BITs can also have implications the government's ability to regulate capital flows in cases of balance of payment difficulties or other economic problems.The free transfer of funds provision found in the BITs concluded by Egypt gives foreign investors the right to transfer back to their home countries, without delay, funds, profits and returns related to an investment. This could potentially lead to sudden, large capital outflows from the country.

Sudden repatriation of capital would limit Egypt's regulatory right to ensure investors' compliance with specific laws (for example, laws on bankruptcy and payment of taxes prior to transfers) or their ability to safeguard flexibility to properly administer financial and monetary policies. This issue has become especially relevant since the 2008 global financial crisis.

The challenge is therefore to ensure enough regulatory flexibility for Egypt to devise coherent investment policies that serve a broader development strategy, without violating existing international investment commitments made through the conclusion of BITs.

Financial cost

Aside from the regulatory restraints, substantial financial implications might also arise from the investor-state dispute settlement mechanism found in BITs. The conclusion of more than 100 BITs means that the vast majority of foreign investors in Egypt have direct access to international arbitration.

Egypt is therefore more exposed to the risk of facing investment disputes in international tribunals such as the International Centre for the Settlement of Investment Disputes (ICSID). These claims could have serious financial implications, both in terms of the costs of the arbitration proceedings and the awards rendered.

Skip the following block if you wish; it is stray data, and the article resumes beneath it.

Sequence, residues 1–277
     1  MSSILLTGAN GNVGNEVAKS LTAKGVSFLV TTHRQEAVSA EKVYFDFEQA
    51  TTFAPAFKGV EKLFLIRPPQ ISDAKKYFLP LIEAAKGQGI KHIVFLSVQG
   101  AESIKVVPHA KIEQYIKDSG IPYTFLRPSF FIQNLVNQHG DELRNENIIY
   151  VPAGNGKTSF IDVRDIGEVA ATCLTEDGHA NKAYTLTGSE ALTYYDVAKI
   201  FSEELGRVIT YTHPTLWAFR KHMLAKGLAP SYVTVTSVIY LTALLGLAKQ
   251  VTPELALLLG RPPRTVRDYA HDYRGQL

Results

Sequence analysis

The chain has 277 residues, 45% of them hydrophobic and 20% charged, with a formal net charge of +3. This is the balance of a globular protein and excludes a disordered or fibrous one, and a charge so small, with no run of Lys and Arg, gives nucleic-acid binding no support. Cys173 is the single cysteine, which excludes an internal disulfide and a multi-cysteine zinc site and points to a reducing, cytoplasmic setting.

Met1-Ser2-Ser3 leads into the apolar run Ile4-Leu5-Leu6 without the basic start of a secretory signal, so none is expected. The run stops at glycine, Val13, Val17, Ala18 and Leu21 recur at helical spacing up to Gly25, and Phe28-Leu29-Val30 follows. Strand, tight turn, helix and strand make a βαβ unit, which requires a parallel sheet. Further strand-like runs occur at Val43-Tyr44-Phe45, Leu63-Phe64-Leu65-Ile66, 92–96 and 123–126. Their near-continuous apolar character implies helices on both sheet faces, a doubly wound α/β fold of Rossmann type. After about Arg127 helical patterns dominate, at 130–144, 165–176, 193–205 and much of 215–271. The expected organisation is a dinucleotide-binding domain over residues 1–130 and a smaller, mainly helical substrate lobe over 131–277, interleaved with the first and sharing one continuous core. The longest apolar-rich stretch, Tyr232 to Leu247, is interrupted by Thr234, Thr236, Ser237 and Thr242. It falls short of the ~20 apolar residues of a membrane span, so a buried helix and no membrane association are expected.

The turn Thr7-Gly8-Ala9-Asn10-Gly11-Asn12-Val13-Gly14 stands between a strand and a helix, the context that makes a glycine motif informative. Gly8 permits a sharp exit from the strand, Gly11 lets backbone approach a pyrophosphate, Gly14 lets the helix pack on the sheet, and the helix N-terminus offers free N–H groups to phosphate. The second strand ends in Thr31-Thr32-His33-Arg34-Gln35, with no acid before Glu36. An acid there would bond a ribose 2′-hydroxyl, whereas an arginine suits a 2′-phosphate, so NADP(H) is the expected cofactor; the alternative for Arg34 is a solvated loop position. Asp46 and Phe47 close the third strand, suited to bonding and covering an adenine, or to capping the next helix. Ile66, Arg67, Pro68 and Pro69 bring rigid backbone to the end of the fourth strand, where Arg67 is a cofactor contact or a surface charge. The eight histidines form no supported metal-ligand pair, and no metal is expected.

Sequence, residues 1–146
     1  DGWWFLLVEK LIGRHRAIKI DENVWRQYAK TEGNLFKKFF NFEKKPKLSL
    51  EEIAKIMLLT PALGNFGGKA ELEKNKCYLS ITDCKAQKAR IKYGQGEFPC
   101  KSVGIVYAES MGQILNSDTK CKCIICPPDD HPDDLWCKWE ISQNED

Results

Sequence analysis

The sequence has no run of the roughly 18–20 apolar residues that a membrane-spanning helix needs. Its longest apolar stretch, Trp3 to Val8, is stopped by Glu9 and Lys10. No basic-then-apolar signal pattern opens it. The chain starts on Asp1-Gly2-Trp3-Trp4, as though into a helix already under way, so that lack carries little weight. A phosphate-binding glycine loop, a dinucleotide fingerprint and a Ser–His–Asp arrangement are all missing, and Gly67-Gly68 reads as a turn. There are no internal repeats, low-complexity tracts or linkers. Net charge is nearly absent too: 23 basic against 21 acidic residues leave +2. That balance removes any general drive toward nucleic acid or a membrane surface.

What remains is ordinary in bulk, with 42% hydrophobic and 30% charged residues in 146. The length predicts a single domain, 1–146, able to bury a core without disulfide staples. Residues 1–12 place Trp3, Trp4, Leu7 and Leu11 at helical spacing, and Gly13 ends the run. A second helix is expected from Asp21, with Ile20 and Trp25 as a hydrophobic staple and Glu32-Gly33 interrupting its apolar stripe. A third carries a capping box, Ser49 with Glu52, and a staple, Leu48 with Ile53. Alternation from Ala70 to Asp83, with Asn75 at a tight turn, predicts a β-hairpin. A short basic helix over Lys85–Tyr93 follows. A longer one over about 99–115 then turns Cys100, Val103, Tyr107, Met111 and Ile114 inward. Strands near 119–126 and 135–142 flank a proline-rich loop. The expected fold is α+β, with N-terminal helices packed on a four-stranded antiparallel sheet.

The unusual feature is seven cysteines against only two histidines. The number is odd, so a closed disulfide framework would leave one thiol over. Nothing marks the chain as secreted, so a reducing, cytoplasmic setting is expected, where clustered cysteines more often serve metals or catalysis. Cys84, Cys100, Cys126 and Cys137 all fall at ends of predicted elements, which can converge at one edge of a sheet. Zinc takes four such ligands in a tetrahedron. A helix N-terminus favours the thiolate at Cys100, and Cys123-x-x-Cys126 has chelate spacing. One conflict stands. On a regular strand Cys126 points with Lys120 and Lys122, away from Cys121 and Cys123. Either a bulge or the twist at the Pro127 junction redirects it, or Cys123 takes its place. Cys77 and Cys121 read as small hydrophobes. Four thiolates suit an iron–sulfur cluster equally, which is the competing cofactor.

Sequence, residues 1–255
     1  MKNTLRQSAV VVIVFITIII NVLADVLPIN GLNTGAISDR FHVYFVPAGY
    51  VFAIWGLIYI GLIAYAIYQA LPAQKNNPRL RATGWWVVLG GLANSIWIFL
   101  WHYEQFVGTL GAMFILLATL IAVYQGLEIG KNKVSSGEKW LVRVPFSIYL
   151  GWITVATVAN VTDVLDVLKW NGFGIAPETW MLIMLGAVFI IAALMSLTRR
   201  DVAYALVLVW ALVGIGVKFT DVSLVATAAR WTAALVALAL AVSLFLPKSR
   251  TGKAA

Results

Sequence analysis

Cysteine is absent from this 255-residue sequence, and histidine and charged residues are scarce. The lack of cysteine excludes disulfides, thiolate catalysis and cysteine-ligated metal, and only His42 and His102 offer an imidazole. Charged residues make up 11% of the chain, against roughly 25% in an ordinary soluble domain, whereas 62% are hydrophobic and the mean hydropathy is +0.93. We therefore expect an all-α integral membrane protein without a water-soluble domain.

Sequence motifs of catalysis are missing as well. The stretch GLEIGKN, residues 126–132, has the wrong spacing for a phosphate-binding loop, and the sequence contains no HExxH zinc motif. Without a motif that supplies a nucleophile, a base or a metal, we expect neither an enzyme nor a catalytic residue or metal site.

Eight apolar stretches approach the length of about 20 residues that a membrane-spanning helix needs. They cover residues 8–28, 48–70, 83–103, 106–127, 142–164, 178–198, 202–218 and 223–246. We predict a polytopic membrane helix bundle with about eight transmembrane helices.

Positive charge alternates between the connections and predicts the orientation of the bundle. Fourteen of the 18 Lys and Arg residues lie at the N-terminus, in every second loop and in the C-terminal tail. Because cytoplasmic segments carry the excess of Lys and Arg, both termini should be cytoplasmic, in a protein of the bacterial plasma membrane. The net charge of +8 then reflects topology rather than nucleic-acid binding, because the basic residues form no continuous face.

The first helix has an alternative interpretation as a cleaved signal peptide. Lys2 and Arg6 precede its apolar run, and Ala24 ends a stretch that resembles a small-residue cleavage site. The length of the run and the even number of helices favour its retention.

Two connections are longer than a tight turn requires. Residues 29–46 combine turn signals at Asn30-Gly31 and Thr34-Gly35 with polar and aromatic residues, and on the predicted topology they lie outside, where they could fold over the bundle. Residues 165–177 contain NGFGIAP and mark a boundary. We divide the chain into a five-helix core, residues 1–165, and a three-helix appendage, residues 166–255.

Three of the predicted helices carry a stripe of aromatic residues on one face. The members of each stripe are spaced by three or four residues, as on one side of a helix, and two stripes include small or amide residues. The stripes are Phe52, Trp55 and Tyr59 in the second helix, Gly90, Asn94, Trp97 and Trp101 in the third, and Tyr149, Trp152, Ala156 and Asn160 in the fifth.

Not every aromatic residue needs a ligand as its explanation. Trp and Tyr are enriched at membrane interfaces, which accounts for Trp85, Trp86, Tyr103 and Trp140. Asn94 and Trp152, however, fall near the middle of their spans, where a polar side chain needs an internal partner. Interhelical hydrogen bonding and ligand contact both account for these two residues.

Egypt has already faced at least eight treaty-based cases, and five additional cases are still pending before ICSID. Past investment disputes in Egypt related mainly to hotels and resort development projects, but also to cement distribution projects, cotton and textile enterprises, mining and dredging projects and airport construction.

Between March and June 2011, ICSID registered three cases involving Egypt; a chemical products enterprise; a gas pipelines construction and operation agreement; and a property development project. At least one of these cases has arisen as a result of post-revolution government measures, which are aimed at combating corruption. Between 1998 and 2009, foreign investors sought a total of more than $1bn in compensation from Egypt as a result of treaty-based investor-state disputes in international tribunals.  

Mutual decisions

Foreign investment policies and regulations have to reflect and adapt to the changing political, economic and social realities in Egypt. At the same time, these policies will have to be integrated into an overall development strategy, with the aim of achieving strategic employment objectives and generating more equitable income distribution.

When deciding upon these policies, it is important to involve all stakeholders who will later play a role in, or are concerned by, the implementation of new foreign investment policies.

Three factors seem particularly important. First, investment policies should continue to encourage and facilitate FDI, but this will have to be accompanied by measures and regulations that respond to the legitimate aspirations of the Egyptian masses; second, inter-agency and inter-ministry co-operation within the government when implementing new regulations is crucial to ensure that FDI policies are coherent and consistent with a wider national development strategy; and third, an inclusive and transparent elaboration process of a new vision on how best to use FDI for an inclusive and socially equitable economic development with non-governmental stakeholders, including the civil society, to help build a broad domestic support base for new policies. 

Hamed El-Kady specializes in  international investment policies and their implications on national development  strategies and works for the UN Conference on Trade and Development*. Email: hamed.el.kady@unctad.org. 

*The views are those of the author and do not necessarily represent those of UNCTAD.